State and Civil War: A comparative analysis of the political thought of Carl Schmitt and Vladimir I Lenin
Title: State and Civil War: A comparative analysis of the political thought of Carl Schmitt and Vladimir I Lenin
Author: BOLSINGER, Eckard
Citation: Florence, European University Institute, 1999
Series/Number: EUI PhD theses; Department of Political and Social Sciences
The end of the Cold War has seen the resurgence of old patterns of internal and external armed conflicts. War and civil war as factors in the process of the dissolution and formation of political structures have reappeared even within Europe. In the post-Cold War world politics appears less to be ordered by clear principles. Instead, it is insecure and undermined by violence and instability) It would, however, be misleading to assume that the contemporary experience of eruptive violence simply signifies an aberration from a peaceful path of social and political development. Against the identification of modernization and the gradual decline of (civil) wars, Hans Joas (1996), in close reference to current historical sociology, has emphasized that external and internal forms of armed struggle cannot be seen as deviations, anomalies, or interruptions in the development of modern social and political structures. Rather, they represent their inherent feature.2 According to his view, (civil) war and violence are constitutive parts of mRdernity and not its prehistory; the ongoing military and armed conflicts are thus only a reminder of this close connection. How should political theory react to the central role of (civil) war and armed violence in shaping modern political structures? If current historical sociology is right that (civil) war and armed conflicts lie at the foundations of modern politics, political theory would find its overriding field of interest in the conceptual analysis of politics and violence.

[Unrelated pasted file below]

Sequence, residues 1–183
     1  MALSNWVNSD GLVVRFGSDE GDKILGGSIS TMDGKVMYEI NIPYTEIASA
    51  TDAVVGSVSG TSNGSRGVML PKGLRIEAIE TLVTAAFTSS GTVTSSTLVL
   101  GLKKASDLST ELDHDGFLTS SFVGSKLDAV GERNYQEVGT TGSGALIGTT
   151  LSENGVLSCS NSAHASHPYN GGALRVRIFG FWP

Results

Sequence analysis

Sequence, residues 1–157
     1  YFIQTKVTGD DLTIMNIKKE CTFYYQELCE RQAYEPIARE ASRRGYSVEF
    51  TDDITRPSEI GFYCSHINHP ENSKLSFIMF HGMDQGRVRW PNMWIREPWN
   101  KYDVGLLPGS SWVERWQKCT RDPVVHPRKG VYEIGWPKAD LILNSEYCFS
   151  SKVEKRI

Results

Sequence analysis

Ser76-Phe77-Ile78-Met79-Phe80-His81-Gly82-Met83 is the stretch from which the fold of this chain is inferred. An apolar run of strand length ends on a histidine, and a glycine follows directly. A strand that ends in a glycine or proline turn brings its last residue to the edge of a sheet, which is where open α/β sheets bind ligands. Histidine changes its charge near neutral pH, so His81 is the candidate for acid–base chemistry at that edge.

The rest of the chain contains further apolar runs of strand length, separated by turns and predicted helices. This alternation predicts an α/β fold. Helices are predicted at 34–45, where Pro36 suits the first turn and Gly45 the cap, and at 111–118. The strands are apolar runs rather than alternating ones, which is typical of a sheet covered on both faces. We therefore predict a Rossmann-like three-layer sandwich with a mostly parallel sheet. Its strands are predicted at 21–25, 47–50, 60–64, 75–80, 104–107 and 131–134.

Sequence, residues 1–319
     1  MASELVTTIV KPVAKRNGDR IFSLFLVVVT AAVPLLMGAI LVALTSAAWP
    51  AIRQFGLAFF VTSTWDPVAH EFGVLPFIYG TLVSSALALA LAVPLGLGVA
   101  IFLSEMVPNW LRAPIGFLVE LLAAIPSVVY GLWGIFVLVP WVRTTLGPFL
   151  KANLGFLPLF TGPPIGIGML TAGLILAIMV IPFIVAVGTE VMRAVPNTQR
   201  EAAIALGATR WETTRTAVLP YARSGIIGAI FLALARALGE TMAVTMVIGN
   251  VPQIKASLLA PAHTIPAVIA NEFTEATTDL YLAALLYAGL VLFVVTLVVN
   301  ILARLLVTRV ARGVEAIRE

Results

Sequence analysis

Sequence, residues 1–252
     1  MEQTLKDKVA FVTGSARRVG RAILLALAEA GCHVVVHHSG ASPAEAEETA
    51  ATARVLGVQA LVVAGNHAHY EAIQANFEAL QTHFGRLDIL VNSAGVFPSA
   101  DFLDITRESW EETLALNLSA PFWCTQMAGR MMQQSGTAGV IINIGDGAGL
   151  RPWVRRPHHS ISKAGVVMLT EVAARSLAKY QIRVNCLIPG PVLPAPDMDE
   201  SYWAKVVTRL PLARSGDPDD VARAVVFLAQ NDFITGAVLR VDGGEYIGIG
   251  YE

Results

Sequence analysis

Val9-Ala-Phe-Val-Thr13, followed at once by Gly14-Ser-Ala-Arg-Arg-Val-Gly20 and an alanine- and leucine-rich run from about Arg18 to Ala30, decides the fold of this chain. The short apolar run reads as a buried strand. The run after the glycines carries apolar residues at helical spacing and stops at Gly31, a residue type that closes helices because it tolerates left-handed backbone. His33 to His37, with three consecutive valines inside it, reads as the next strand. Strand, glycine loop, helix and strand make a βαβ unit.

LC Subject Heading: Political violence; Civil war; Power (Social sciences); Realism -- Political aspects
Defence date: 25 June 1999; Examining board: Prof. Paolo Q. Hirst (Birkbeck College, London) ; Prof. Pasquale Pasquino (CNRS, Paris) ; Prof. Gianfranco Poggi (EUI-Supervisor) ; Prof. Peter Wagner (EUI)
Published version: http://hdl.handle.net/1814/22580
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